Photographer Holly Norris says on her website, “Rarely, if ever, are women with disabilities portrayed in anything other than an asexual manner, for ‘disabled’ bodies are largely perceived as ‘undesirable.’” To combat that perception, Norris has chosen to spoof the highly identifiable American Apparel ads, which the company claims feature “real women,” though only real women who fit a very specific look — young, thin, and uber-sexual. In her series “American Able,” Norris has photographed Jes, a disabled woman, in American Apparel clothes and in the style of AA ads, in order to “reveal the ways in which women with disabilities are invisibilized in advertising and mass media.” Norris’ photographs are beautiful and I love the positive and forward-thinking mission of the work, which doesn’t just criticize mass market thinking but also presents an alternative. As for Jes? Her photographs have more personality than all the AA ads I’ve ever seen put together. Take that, Dov Charney.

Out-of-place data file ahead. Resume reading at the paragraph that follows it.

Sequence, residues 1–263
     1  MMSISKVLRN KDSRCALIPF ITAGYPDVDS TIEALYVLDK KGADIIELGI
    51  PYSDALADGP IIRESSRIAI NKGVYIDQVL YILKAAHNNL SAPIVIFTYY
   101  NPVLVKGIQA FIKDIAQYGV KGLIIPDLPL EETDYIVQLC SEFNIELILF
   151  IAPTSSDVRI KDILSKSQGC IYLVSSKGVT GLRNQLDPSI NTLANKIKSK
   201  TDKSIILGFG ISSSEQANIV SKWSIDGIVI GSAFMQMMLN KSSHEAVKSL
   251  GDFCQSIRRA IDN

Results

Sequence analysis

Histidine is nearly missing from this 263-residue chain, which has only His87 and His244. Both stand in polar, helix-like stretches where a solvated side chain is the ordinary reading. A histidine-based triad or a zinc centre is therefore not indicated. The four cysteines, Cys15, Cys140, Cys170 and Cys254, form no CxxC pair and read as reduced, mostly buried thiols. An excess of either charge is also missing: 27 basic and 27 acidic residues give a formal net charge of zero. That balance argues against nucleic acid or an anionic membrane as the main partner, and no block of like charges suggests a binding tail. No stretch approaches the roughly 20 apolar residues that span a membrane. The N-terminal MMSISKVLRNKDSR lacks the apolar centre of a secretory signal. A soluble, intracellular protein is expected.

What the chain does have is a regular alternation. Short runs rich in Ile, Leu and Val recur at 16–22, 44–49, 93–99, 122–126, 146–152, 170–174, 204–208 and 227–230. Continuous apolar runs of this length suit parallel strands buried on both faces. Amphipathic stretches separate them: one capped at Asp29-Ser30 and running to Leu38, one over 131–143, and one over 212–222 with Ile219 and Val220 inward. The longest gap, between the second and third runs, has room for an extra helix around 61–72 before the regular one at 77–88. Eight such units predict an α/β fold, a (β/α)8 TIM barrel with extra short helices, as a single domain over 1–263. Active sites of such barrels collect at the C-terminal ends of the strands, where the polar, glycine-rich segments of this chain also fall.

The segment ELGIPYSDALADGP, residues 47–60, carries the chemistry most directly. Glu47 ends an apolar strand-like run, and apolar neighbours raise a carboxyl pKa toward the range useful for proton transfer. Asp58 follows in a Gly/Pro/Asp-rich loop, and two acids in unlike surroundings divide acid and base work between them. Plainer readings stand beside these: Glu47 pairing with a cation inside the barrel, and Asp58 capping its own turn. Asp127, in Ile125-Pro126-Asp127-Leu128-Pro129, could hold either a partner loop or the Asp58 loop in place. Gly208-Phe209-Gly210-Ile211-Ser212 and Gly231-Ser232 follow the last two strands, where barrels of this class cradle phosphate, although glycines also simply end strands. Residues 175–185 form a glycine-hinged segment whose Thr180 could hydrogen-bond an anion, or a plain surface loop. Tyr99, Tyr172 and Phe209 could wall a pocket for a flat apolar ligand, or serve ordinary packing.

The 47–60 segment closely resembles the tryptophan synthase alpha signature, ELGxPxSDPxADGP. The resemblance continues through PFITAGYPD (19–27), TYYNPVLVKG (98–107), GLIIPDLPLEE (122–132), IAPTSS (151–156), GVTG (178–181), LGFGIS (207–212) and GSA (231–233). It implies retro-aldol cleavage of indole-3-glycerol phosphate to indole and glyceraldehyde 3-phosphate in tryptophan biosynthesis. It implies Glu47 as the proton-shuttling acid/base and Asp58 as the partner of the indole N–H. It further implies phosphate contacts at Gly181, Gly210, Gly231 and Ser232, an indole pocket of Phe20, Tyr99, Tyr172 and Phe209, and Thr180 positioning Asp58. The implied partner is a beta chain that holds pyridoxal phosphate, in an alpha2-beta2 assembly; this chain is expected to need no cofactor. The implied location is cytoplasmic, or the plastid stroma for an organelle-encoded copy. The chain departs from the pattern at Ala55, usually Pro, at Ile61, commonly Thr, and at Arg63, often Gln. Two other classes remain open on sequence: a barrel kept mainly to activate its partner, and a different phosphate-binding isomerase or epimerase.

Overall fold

Check out a few more photos after the jump and then check out the entire series on Norris’ website. [Holly Norris]